The Larabanga Mosque is an historic mosque of the “Sudanese” architectural mosque type in the village of Larabanga, in Ghana. Though uncertainty exists about its age, it is believed to be one of the holiest Islamic sites in Ghana.
Festivals in Ghana
One of the most attractive aspects of the Ghanaian culture is the colorful traditional festivals and durbars which are held yearly in all parts of the country. These festivals reveal some common features and beliefs of our society. Through the festivals, the people remember their ancestors and ask for their protection. Festivals are also held in order to purify the whole state so that people can enter the New Year with confidence and hope. Below are some major festivals to which you are invited.
A Description of a few of the major festivals in Ghana
ABOAKYIR(Deer hunting) A hunting expedition by two Asafo groups to catch live antelope. The first group to present
its catch to the Chief at a colorful durbar is declared winner and is highly regarded for bravery. Winneba, 17 miles west of Accra.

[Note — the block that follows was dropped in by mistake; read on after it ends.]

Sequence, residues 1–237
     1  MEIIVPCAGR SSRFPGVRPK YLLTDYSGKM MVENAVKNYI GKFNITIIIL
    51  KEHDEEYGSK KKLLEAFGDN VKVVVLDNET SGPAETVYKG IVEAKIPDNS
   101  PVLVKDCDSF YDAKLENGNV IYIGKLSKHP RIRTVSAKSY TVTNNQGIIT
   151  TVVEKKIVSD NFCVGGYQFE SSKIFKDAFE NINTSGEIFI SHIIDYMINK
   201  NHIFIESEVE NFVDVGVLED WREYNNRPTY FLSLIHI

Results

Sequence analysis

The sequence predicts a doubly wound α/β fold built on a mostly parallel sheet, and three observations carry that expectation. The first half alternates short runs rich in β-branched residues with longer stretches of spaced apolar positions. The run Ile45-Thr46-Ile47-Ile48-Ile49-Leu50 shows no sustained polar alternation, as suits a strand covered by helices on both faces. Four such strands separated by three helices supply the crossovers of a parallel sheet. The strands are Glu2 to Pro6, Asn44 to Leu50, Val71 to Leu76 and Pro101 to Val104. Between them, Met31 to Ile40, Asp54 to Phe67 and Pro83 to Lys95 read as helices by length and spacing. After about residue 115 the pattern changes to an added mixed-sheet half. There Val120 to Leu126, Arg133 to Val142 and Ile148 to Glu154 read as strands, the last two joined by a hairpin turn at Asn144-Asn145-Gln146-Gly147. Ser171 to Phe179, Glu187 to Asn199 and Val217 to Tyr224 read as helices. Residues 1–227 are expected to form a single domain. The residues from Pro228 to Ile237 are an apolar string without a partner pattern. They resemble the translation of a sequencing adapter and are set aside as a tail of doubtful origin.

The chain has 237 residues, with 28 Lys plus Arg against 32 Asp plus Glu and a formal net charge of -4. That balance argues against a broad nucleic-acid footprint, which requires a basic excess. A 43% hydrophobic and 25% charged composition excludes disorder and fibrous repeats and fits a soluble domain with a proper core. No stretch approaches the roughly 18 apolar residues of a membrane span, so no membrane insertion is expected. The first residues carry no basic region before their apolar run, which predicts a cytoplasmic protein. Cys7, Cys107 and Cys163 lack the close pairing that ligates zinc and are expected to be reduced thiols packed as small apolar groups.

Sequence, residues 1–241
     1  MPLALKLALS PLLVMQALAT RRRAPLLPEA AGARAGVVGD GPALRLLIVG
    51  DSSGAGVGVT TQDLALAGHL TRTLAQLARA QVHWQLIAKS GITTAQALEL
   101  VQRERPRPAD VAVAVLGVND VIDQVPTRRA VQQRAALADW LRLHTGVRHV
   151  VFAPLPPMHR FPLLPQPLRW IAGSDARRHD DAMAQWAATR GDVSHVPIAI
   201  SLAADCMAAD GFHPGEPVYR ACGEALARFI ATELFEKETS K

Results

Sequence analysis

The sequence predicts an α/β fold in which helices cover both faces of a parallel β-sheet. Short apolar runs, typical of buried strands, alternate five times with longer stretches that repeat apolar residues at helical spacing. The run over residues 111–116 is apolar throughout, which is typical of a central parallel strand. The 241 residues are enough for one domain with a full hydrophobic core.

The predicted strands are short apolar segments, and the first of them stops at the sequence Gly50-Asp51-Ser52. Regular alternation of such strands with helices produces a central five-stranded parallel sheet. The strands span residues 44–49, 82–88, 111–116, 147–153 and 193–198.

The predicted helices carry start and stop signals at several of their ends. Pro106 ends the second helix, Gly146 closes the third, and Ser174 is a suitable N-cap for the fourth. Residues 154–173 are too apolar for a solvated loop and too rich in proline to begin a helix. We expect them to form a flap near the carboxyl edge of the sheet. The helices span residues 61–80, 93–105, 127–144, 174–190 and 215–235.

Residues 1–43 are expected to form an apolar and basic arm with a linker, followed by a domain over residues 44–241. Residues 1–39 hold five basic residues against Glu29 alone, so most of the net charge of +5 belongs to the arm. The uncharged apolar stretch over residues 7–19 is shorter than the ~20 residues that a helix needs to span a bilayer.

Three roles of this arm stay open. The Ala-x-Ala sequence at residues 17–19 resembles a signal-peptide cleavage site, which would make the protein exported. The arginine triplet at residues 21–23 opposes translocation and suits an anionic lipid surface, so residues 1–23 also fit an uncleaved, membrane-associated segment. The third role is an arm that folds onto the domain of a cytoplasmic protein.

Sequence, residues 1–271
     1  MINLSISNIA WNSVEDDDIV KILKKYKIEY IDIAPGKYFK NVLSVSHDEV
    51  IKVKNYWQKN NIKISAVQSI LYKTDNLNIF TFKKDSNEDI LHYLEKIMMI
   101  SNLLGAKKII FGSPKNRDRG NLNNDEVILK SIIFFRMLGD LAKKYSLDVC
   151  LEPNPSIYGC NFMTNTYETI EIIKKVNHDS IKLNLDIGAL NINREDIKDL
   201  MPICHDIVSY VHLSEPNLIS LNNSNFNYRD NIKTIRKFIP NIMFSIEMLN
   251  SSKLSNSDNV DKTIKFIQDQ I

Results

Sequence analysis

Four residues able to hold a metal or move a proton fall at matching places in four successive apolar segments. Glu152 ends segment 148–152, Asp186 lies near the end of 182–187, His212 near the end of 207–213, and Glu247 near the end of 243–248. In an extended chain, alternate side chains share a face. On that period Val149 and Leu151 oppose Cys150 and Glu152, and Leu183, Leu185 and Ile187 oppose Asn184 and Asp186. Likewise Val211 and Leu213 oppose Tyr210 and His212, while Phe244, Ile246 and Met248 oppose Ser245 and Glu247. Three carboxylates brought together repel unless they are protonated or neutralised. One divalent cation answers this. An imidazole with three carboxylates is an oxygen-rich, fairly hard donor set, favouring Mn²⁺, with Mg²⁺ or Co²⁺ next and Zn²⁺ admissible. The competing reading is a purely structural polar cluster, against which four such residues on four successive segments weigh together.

May : BAKATUE (Fish Harvesting)
A royal procession of chiefs and stool holders riding in palanquins through principal streets to a sacred shrine where chiefs pour libation and sprinkle sacred food. Pouring of
mashed yam and eggs into the Bake (lagoon), followed by scooping with a net, after which permission is given to fishermen to open the fishing season, after a ban. Festival culminates in a regatta. Edina/Elmina, 99 miles west of Accra.
July: FETU AFAHYE(Harvest commemorating first contact with whites)
A colorful procession of chiefs, amid drumming, dancing and firing of musketry. There is a uniqueness in the attire. Sacrifice of a cow to the seventy-seven (77)gods of Oguaa. Cape Coast (Oguaa), 90 miles west of Accra.
August/September: HOMOWO (Harvest/Thanksgiving)
Ceremonies for this festival include a procession of chiefs through principal streets with all twins in the area dressed purposely for the occasion. All this is done amidst the